Many thanks to the person at Bangor’s public works who shifted into high gear when I presented my case that “my auto is expensive, human life is expensive and accidents will happen as long the white lines in our roadways are not repainted especially in the downtown area.”

The matter is that I complained, “Why do you use a paint that last only nine months with the rugged winters we have.” His reply was that the paint I wanted to use was very expensive and may not be suitable for our climate. Hence came forth my “expensive reply.”

What then is the solution: That the white and yellow road lines be repainted later on (perhaps in September) on our roadways so that they last throughout the winter and spring. Expensive? Yes. But so are accidents and health care.

Robert Fournier

Bangor

Scapegoating mental illness

Our mental health care system is broken, but fixing it is not the whole answer to the problem of gun violence in our country. A century ago, we hid our mentally ill in attics and cellars. Now we only bring them out when we need a scapegoat.

Rachel Booker

Bangor

Fishy ferry fare increase

Could the increase of Islesboro’s ferry ticket prices be Gov. Paul LePage’s “bridgegate”? Don’t be too quick to scoff at such a notion. We all know New Jersey Gov. Chris Christie and LePage are cut from the same cloth.

Remember how Islesboro was so influential in the fight to preserve its neighboring Sears Island, putting the kibosh to the governor’s plan for big development in the Penobscot Bay. When the projected budget shortfall for the ferry service landed on the Maine Department of Transportation’s desk, I can just imagine him saying, “Let’s put it to those rich/smug islanders.” Too petty for this governor? I think not.

A few facts. This ticket proposal was never mentioned in any of the Transportation Department’s public hearings. What was mentioned was the fact that the increase would be implemented in March. Instead, it was thrust upon us inconveniently on the last day of the legislative session in late April. Perhaps so that we wouldn’t have a voice in Augusta?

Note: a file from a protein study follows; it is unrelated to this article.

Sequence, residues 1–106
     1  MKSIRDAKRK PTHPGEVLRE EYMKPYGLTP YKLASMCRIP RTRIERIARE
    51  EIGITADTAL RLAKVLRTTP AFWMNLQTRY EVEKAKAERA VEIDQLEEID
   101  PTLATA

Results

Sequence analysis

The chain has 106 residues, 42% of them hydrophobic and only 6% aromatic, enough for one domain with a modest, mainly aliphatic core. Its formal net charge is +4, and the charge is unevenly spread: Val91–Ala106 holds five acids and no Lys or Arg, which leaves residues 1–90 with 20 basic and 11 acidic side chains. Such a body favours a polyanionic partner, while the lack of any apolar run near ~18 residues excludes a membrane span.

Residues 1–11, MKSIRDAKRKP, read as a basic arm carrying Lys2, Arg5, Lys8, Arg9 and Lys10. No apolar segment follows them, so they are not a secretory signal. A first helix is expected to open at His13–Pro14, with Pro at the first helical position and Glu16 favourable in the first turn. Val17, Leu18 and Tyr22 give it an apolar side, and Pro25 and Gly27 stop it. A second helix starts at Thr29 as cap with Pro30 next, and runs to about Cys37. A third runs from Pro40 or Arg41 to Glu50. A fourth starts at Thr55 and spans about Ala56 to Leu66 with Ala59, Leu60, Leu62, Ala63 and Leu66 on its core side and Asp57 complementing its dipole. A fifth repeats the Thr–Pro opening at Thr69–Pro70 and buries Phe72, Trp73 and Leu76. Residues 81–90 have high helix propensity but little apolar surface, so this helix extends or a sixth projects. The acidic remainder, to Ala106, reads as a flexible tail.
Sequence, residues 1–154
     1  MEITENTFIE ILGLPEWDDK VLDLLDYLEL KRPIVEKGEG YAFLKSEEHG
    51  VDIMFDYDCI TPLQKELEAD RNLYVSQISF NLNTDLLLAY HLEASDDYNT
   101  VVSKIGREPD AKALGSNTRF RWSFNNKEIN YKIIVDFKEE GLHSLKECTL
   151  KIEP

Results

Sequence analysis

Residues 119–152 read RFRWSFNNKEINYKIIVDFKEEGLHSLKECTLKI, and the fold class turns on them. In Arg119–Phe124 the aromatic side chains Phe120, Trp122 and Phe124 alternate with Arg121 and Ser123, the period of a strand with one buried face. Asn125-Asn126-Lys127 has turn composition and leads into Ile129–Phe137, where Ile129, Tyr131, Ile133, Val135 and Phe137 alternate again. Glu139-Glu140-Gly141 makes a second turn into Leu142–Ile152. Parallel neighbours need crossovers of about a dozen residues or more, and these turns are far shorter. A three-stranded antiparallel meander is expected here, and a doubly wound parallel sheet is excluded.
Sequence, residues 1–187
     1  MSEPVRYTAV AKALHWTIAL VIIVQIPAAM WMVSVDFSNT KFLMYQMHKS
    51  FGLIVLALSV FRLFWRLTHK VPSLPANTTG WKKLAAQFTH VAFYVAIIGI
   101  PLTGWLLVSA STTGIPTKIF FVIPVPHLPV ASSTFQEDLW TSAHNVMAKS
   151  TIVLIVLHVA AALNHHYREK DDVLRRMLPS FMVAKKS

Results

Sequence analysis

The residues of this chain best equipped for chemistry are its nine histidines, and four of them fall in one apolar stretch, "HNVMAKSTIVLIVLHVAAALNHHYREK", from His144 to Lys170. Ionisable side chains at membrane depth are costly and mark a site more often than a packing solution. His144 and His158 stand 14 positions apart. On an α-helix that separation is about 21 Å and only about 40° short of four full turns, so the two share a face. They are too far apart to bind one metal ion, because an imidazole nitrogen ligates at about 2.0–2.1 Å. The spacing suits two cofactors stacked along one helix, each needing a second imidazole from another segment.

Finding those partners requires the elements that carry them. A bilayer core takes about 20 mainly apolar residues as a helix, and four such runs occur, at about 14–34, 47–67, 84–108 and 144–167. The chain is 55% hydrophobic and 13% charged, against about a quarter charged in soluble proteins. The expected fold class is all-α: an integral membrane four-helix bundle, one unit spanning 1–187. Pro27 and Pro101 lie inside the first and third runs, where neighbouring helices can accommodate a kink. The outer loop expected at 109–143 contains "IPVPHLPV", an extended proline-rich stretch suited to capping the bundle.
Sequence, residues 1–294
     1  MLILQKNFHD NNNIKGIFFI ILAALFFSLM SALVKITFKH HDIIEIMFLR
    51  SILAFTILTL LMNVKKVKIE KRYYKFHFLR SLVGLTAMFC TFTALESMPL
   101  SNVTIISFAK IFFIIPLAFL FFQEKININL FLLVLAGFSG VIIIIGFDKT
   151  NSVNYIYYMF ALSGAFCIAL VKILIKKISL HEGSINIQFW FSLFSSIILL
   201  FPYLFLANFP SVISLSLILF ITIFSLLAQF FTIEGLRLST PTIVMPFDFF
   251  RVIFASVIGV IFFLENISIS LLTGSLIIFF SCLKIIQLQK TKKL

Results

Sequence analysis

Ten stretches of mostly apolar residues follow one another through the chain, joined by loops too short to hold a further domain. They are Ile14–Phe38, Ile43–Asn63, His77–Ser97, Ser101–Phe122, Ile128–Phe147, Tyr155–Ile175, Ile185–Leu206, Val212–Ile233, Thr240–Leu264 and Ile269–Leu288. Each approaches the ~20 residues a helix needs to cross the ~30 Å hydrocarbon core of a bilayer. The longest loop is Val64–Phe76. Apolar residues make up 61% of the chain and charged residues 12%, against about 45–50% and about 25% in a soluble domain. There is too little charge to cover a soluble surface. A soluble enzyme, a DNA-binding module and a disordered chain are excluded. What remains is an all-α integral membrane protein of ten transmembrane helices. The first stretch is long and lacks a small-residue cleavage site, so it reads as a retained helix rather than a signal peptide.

After tough talk from our attorneys about the Transportation Department’s improper rulemaking procedures, Jim Billings, counsel for the Transportation Department, called North Haven to report there would be a delay in the fare increase. It got posted on their website and this island was ecstatic over this development. But wait, a new letter was sent by Billings to us whining islanders that the fare increase would take place on schedule.

All very shady to me. I smell fish. How about an SOS to Attorney General Janet Mills?

William Boardman

Islesboro

A talented sculptor

The recent article on Andre the seal was very informative but failed to mention the sculptor, Jane Wasey. She was known for her animal sculptures in wood and stone. After years working in Manhattan she came to Lincolnville, creating the Andre statue to oversee Rockport Harbor. Some of her works are in the permanent collections of the Whitney Museum in New York and the Farnsworth Museum in Rockland, among others. Let’s celebrate her work.

Brenda Sullivan

Camden